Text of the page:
|Kurt Willems||Dec 16, 2014|
• 4 Minute Read
Each year Christmas comes along and so do various controversies. Yesterday, my friend Jeff Clarke wrote:
However, when we post on Facebook, Twitter or Instagram our demand for people toKeep Christ in Christmas, we are in that moment displaying a degree of arrogance, not humility.
Instead of pointing people to the humble birth of the incarnate God, we point out how angry we are that people have forgotten the reason for the season.
Through a variety of ways and means, we sometimes use power and ridicule in our attempts to force people to recognize Jesus, rather than take up Jesus’ weapons of choice – powerlessness and respect.
Before we paste the latest poster on Facebook that seeks to force Christ unto our friends, please take a moment to stop, reflect and consider other options.
I couldn’t agree more.
We are stuck in the midst of a culture war, fueled by social media and cable news. A few issues clearly need to be addressed:
Happy Holidays vs. Merry Christmas
The first thing we need to recognize is that to say “happy holidays” isn’t anti-Christian. How dare we be the sort of people that love our neighbors by not imposing our Christ-Mass holy day onto their December agenda!
And perhaps some might say that true love is actually making sure that Christian views are front and center. Here the intent is good, but the assumptions behind the intent are wrong. Only if one believes that America is a Christian Nation does this sort of war of words make sense.
Clearly, this is a pluralistic culture and we need not coerce Jesus to the center of the public square. This actually makes God less appealing than more. In this “war” we turn people away from the love of God, not toward it.
The Commercialization of Christmas
Then, of course, we have the controversy over the commercialization of Christmas within popular culture and the full-fledged embrace of it by some Christians.
Some of us spend more on Christmas than we do on the poor throughout the rest of the year.
Some of us talk more about Santa than the incarnation. I’m certainly not against the giving of gifts or the Santa story; both can be fun ways to celebrate. The point I’m making is that the church has a deeper point during the beginning of the Church Year: to begin the journey to the manger that transformed the world.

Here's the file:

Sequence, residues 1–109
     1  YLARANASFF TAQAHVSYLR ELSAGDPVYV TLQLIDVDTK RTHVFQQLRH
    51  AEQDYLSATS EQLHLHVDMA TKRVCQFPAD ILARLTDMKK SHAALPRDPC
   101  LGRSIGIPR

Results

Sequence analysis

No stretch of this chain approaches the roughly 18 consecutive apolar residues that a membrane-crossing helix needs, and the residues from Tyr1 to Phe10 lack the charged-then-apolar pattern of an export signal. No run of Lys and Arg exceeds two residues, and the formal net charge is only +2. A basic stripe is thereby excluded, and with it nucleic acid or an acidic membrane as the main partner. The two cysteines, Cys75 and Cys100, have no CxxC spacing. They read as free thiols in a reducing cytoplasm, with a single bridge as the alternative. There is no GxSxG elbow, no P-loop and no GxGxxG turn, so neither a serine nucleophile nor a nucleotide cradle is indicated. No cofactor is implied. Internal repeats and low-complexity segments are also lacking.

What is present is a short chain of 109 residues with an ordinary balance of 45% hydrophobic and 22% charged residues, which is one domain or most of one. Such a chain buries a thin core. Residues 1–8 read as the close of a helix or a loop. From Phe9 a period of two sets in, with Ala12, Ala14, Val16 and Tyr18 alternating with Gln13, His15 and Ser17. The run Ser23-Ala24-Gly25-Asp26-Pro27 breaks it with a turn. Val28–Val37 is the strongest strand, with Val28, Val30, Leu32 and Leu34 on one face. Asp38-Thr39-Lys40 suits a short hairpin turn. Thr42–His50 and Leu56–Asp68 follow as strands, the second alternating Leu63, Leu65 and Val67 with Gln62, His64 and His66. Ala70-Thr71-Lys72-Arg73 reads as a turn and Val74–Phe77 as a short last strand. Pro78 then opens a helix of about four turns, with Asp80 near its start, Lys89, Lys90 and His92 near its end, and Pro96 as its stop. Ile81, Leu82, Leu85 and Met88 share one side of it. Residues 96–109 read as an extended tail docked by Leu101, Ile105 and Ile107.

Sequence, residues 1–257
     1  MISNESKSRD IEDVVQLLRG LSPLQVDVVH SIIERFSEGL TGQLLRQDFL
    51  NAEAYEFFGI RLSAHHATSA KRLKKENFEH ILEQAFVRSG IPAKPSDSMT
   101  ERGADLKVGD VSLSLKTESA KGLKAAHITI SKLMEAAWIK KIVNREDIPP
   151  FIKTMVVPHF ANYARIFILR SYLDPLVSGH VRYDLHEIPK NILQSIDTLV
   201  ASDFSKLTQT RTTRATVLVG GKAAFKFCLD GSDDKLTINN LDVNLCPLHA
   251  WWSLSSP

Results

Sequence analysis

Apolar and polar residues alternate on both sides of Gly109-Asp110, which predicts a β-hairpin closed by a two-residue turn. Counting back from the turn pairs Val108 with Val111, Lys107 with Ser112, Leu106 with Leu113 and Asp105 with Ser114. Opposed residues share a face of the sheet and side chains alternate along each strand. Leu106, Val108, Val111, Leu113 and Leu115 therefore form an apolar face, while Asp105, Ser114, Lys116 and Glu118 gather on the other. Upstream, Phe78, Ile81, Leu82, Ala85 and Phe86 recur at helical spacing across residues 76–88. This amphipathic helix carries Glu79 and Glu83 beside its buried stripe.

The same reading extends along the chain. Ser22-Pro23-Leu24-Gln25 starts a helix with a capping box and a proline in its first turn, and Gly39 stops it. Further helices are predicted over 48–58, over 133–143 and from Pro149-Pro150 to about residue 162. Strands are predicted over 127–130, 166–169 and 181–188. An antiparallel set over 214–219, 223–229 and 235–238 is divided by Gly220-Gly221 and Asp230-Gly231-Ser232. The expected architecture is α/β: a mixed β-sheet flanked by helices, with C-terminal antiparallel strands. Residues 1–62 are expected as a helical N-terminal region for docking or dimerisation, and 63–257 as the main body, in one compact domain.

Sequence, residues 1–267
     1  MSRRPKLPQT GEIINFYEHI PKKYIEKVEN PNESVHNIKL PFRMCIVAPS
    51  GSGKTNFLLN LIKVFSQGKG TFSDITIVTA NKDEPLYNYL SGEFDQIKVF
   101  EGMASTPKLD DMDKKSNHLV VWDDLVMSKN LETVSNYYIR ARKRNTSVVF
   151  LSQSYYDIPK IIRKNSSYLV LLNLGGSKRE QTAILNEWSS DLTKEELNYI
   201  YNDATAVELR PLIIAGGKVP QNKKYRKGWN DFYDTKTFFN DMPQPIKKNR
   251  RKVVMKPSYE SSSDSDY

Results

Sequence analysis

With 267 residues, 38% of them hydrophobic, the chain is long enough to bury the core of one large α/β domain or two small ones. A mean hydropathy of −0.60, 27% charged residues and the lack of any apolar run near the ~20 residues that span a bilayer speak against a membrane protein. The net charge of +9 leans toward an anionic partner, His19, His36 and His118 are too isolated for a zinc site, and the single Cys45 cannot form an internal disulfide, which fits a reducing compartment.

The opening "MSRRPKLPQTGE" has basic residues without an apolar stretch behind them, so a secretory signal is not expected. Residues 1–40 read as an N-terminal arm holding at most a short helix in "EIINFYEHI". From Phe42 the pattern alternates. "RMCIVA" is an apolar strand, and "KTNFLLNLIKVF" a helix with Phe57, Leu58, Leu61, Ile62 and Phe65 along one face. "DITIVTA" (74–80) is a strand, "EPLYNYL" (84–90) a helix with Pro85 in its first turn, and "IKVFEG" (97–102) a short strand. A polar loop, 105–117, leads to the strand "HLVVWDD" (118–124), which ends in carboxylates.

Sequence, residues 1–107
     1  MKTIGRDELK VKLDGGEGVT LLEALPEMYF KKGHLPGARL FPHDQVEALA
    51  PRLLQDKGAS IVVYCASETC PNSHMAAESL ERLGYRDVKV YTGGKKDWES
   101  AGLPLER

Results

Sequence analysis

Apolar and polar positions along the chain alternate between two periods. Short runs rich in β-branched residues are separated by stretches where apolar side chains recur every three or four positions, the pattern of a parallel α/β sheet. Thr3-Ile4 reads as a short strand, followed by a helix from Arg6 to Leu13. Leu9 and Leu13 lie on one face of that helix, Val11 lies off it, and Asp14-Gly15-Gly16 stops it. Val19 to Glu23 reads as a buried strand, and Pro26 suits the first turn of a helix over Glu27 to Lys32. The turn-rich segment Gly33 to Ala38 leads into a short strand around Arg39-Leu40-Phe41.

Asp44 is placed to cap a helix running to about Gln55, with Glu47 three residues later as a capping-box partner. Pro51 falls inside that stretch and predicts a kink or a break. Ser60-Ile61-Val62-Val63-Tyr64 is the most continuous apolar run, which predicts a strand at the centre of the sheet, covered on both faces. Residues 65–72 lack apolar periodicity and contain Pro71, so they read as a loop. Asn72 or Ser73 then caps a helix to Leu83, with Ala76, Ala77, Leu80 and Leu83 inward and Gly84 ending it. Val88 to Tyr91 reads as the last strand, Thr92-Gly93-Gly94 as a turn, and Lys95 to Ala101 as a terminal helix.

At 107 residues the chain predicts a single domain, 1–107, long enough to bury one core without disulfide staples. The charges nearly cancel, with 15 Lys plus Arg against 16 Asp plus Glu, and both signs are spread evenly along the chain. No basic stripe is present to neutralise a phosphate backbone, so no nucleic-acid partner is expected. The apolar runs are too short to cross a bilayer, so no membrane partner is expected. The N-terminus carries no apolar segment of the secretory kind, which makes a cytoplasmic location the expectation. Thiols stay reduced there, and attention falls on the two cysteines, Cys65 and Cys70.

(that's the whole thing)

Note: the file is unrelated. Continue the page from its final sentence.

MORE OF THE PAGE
No matter what American culture, or any culture, holds on to as traditional celebratory activities during Advent, we must not neglect the Great Tradition: the beautiful reality that God became human for the redemption of all created reality.
This second area of controversy, the commercialization of Christmas, ought to push Christians to consider this question: What are we Christians ‘selling’ this Christmas?
Are we selling a festive few weeks with jolly ol’ Saint Nick or are we donating lives that reflect the humility of God in a stable?
Are we selling a season where we need to get our way with the display of nativity scenes in governmental places and the jargon of “Merry Christmas,” or are we donating ourselves to our neighbors by humbly honoring them with “Happy Holidays” as we seek to live out the way of Jesus?
Bethlehem vs. Rome
If we sell a Jesus who demands to be the center of popular culture, then we fail to remember that Christ came to us from Bethlehem, not Rome. Had Christ wanted to fight the culture wars he would have positioned himself in the center of the “pagan” world, the capital of the Roman Empire.
Instead, he didn’t demand the central place in culture, but humbly “emptied himself” (Phil. 2). Or as the Message puts it: “When the time came, he set aside the privileges of deity and took on the status of a slave, became human!”
Certainly, Jesus will be the center of all cultures eventually, for a day is coming when “every knee will bow and every tongue will confess that Jesus Christ is Lord” (Phil. 2). But notice the pattern: Jesus first “emptied himself” (donated himself). Had he not demonstrated this pattern of identifying first with the margins of Bethlehem, his Apostles (Peter and Paul) wouldn’t have been such revolutionary voices in the context of Rome–when the message finally did make it out there.
Jesus reminds us that donating our lives from the margins of culture is where we will most effectively make and impact for the upside-down kingdom of God. The moment we try to “sell Christmas” to culture, or rather, coerce Christmas (our holy version of Christ-Mass) back into the center of public discourse, we’ve failed to model our witness after Christ.
The best thing we can do during the Holidays is to choose to lose the “war for Christmas,” so that we don’t fail to show our culture Jesus.
Maybe then we will become known as people who donate ourselves to others and give up any aspirations of “selling” Christmas to popular culture. This not only looks more like the emptied God, but perhaps some of those who don’t know the Christ of Christ-Mass will earnestly seek him from afar, not unlike the Magi of the first Christmas.
The post Jesus was Born in Bethlehem, NOT Rome: Choosing to Lose the “War for Christmas” appeared first on Theology Curator.